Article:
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Jittery over nothing

At her blog, the other day, Ellen Moody mentioned Janet Frame's An Angel at my Table, and I dimly recalled seeing part of a film adaptation. What I remembered wasn't pleasant, so although I rented the video right away, I didn't get round to watching it for a week. Yesterday, it was either sit through it or send it back unwatched. I sat through it. As you'll know if you've seen it, Jane Campion's 1990 movie is huge. It covers the extremities of life in completely new ways, largely by throwing narrative establishment out the window without losing the story to incoherence. There is a real sense of life's being "one damned thing after another," but instead of making the film inconsequent, this intensifies its flavor.

An Angel at my Table was Kerry Fox's second movie, but she may well have learned everything she'd ever need to know about carrying a film in the process of making it - including the manipulation of her weight. Her Little Orphan Annie mop of unruly red hair is hardly flattering; neither are the rotting teeth that don't get fixed until halfway through. But her fragility is so worrying that you can't let her go; you have to see her through. I felt awful pretty quickly after the adult Janet Frame, played by Ms Fox, succeeded her younger selves.

Misdiagnosed as schizophrenic by New Zealand doctors in the Forties, Janet Frame was subjected to hundreds of instances of electric shock therapy. She wrote her way through it and became a published author from the institution. As her talent was recognized, she received a great deal of help from supporters, and eventually got to England, where she turned into something like a normal young woman. A season on a Spanish island introduced her to love when her youth was passing. But she was always a writer, and a reader when she wasn't. It turns out that I always thought that what I'd seen years ago was My Brilliant Career.

I had woken up very early and in a bad mood. Comment spam has been particularly nettlesome lately. Spam in guise of comments, consisting of nothing but objectionable links and usually attached to very old entries, is a real violation. It seems so pointless and so malicious! (It isn't pointless, alas. The multiplication of links increases the search-engine rank of the linked sites Thanks to a plug-in, comment spam doesn't appear on my site, and it's very easy to get rid of. But it's very dispiriting to find out that a new comment that I've just been notified about is garbage. Wrong on two counts: it's garbage and it's not comment. I thought that disabling the comment facility for a few early hours today might stem the attack, but it didn't, and when I began watching An Angel on my Table I was already jittery.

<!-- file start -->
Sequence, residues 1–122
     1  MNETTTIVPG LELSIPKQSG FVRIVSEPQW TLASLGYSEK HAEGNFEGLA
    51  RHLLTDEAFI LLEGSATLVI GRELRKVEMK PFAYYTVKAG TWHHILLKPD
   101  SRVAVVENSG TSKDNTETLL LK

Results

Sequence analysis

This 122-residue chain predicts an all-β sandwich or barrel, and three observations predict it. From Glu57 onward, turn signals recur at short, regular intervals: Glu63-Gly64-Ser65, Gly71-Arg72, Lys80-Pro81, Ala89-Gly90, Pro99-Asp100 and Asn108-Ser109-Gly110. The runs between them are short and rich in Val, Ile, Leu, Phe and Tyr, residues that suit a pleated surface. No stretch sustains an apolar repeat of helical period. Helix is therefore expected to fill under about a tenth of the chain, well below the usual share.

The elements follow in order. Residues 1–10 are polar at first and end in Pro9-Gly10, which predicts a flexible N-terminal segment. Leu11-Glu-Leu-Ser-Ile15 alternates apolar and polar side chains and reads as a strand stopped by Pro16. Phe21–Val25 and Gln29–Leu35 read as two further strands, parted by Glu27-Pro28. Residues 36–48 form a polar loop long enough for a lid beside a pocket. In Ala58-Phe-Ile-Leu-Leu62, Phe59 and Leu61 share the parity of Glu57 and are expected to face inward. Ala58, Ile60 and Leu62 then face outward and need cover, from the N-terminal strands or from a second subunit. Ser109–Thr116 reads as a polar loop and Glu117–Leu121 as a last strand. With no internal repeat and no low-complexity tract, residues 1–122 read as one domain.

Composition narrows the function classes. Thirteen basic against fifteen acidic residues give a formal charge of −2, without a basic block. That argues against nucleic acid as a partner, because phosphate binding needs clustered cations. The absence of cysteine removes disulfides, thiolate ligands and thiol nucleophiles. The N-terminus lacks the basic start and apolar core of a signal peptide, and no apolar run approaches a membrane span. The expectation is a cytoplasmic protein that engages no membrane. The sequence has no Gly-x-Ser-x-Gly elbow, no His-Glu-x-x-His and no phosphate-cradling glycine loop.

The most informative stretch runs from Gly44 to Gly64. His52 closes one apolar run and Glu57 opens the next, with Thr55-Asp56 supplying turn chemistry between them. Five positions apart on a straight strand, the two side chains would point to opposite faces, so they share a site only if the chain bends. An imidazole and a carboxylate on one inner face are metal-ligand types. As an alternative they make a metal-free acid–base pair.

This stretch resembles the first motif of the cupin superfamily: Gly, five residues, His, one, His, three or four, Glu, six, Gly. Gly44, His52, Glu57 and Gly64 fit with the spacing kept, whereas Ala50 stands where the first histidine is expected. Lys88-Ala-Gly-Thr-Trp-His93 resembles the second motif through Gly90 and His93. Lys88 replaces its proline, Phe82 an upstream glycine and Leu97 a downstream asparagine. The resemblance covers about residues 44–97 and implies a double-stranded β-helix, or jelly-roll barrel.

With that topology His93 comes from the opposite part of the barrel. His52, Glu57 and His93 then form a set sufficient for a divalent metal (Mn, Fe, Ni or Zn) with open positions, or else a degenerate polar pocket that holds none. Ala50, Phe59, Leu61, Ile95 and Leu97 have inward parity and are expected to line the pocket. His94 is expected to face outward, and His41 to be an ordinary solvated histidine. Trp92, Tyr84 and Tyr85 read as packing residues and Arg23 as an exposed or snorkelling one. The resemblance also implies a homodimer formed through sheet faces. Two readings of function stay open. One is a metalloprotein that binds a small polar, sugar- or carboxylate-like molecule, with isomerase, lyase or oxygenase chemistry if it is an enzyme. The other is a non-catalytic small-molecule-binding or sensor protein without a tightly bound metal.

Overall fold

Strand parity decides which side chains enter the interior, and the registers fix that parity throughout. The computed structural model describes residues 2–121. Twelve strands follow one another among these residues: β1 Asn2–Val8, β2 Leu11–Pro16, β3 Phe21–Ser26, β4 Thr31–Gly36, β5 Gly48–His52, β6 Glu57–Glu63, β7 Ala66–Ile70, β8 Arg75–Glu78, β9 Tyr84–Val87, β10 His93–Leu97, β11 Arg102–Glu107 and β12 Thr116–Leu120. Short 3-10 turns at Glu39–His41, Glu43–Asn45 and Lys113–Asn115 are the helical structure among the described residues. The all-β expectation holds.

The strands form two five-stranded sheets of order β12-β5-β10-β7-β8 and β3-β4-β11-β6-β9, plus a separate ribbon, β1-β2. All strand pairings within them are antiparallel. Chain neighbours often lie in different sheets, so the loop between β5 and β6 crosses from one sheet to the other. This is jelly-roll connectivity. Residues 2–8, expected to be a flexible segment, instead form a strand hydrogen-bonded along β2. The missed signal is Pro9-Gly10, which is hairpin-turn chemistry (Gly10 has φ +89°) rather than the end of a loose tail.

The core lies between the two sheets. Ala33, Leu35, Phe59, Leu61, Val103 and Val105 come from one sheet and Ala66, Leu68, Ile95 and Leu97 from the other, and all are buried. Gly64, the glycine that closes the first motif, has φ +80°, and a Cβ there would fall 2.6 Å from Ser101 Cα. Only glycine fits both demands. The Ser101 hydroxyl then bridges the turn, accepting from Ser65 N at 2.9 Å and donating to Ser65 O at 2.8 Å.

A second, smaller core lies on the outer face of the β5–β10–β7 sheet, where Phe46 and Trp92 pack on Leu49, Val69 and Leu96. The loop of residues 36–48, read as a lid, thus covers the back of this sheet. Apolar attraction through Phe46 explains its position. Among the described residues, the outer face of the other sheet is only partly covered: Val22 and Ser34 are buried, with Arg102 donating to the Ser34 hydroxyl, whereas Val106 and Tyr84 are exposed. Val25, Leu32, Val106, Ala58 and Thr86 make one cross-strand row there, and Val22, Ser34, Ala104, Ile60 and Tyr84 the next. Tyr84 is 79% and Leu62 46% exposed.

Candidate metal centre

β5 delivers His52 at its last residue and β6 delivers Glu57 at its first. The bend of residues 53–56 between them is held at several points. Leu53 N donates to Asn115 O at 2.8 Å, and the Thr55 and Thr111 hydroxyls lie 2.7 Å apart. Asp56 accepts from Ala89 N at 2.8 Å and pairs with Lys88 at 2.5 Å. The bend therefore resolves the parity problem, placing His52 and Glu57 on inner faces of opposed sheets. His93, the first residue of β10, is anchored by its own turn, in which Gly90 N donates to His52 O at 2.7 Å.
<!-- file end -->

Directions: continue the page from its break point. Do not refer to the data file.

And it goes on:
Then there was the FreshDirect screw-up. The doormen and I were not aware of any attempt to delivery my groceries between ten o'clock and noon, the stated time-frame, but a FreshDirect driver claimed to have been here without finding anyone at home. Three or four phone calls later, I was once again waiting for a delivery, which in the event came at about three-forty. I wasn't inconvenienced, but I hated waiting for the buzzer, and trying to make sure that I wouldn't miss it.

When the movie was over, I sat down to work at a rather late hour in a state of near sea-sickness. But a few comments from real visitors cheered me up, and polishing off a long page set me to rights. (You can visit the page now, if you like, or you can wait until I "front" it here on Tuesday.)

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Comments

I swore never to watch another Jane Campion film after seeing "Sweetie" and "The Piano," both of which I disliked intensely. And yet here I am contemplating moving to New Zealand.

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